Crude, but well-put. Also the first time he’d spoken of love. “You will be faithful because Cynna needs you to be?”

He nodded. “She does.”

“It’s difficult to make a major change purely to benefit someone else. What will you get out of being faithful?”

“Other than Cynna’s well-being? I don’t know yet. That’s why it’s a practice. When you start a new practice, you don’t know what the results will be. The outcomes you see at the start are pretty limited compared to what’s really possible.” He thought about that and added, “I’ve already started on that part of the practice, by the way.”

Abe smiled slowly. “An unconventional approach, but one the Church can support. I see no obstacles to performing your marriage ceremony.”

It was only then, when the man truly relaxed, that Abe knew just how studied his earlier pose had been. “Good. Thank you. That’s . . . it means a lot to Cynna.”

And to you, Abe thought, but either wisdom or grace kept him from saying so. Not that there was much difference between the two.

They spoke a little longer; Abe still had to deliver the usual cautions and suggestions and explain the Church’s views on the sacrament of marriage. They ended up going over their alloted hour, but Abe had left room in his schedule for that possibility.

He stood and offered his hand again. This time Seabourne gave him a grin along with the handshake. “It’s been a pleasure, Father.”

Abe smiled. That was probably the least honest thing this particular supplicant had said to him, but he accepted it in the spirit it was intended. “Call me Abe. I’ve enjoyed meeting you, but I’m still curious. What’s the real reason you insisted Cynna marry within her Church?”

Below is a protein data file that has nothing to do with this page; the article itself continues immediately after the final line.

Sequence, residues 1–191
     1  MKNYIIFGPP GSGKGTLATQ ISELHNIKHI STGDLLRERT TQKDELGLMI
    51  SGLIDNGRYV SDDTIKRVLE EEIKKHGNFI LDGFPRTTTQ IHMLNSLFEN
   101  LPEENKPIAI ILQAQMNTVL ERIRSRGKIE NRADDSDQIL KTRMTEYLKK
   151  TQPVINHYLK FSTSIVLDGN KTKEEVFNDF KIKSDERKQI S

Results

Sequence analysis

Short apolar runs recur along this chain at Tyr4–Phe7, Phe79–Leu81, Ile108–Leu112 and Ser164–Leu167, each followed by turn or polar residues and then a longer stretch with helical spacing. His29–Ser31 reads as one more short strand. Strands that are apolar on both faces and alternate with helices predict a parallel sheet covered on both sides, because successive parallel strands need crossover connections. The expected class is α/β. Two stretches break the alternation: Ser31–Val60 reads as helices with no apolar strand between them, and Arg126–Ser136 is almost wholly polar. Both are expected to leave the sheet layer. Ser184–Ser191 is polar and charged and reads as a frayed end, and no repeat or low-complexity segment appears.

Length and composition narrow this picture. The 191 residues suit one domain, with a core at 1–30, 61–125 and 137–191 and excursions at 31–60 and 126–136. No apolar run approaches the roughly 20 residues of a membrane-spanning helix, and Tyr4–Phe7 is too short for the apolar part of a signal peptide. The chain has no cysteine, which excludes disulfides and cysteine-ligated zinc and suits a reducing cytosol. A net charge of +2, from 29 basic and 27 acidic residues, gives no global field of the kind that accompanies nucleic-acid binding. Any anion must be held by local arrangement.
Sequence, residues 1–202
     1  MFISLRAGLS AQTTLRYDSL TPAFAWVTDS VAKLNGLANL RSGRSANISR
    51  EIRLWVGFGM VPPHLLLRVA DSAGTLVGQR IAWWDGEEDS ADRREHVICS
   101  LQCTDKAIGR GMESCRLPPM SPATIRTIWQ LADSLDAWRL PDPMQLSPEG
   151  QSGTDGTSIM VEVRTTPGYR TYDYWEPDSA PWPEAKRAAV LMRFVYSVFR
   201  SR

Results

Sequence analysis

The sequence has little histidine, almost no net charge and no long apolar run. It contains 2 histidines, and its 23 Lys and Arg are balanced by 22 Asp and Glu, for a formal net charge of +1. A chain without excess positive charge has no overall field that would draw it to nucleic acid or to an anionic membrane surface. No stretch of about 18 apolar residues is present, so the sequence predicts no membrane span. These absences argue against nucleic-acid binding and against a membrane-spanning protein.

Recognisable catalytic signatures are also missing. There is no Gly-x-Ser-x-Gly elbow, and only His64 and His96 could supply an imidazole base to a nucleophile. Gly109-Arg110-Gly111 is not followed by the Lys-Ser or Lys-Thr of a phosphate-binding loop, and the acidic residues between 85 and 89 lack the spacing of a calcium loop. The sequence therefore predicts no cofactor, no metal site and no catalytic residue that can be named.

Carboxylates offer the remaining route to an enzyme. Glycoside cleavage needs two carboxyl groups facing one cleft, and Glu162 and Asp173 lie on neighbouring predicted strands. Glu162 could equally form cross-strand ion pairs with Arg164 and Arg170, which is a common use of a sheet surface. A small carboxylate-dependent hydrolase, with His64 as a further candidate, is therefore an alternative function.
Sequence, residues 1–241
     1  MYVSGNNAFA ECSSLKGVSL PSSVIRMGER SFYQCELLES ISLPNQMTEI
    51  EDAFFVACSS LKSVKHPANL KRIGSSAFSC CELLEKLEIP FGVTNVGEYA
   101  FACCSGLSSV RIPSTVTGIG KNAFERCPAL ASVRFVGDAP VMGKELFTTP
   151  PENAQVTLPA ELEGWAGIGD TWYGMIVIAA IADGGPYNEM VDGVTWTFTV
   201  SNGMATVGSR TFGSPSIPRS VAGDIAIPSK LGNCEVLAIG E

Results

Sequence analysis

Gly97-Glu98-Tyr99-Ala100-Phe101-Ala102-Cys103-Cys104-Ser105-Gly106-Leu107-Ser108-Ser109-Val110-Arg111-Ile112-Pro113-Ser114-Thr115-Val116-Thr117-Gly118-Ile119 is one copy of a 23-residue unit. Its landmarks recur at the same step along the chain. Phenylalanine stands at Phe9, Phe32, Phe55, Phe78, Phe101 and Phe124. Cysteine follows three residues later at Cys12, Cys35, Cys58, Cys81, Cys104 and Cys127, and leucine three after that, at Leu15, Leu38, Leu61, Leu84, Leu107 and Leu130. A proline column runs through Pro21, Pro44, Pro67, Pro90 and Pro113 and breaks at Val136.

For a moment Abe thought the lupus wouldn’t answer. That gorgeous face grew still, a slight smile lingering as if he’d forgotten it was there. Then Seabourne gave a graceful shrug as if what he were about to say didn’t matter—which told Abe it did, very much. “You offer the lifetime deal, don’t you? If I were interested in anything less, I wouldn’t bother making this legal.”

“I see.” Abe nodded and walked to the door. They said the conventional parting things; Abe thought they both meant them. As Seabourne left, Abe saw that his next couple was waiting in the small anteroom.

Caitlyn Murphy was young, bubbly, and madly in love with her fiancé. That didn’t keep her from noticing Seabourne, of course. Her eyes widened, then lit. Her mouth widened in a grin.

Seabourne gave her a wink. It was mildly flirtatious, but suggested a certain shared, cocky humor: quite a face I’ve got here, isn’t it? Glad you enjoyed it.

Caitlyn’s fiancé noticed the small byplay, too. And didn’t like it at all.

Abe repressed a sigh. Mike Donahue had some jealousy issues. “Come in,” he told the couple.

“I’m glad you could make it today.”

Funny. Mike and Caitlyn had the best chance statistically of making a go of their marriage.

They’d known each other for years, came from similar socio-economic backgrounds, and their families were very supportive. Both had been raised in the Church and were active parishioners .

. . and they weren’t starting their marriage with a new baby.

Cullen Seabourne and Cynna Weaver had none of those advantages. And yet, if he had to bet, he’d put his money on Cynna and her lupus.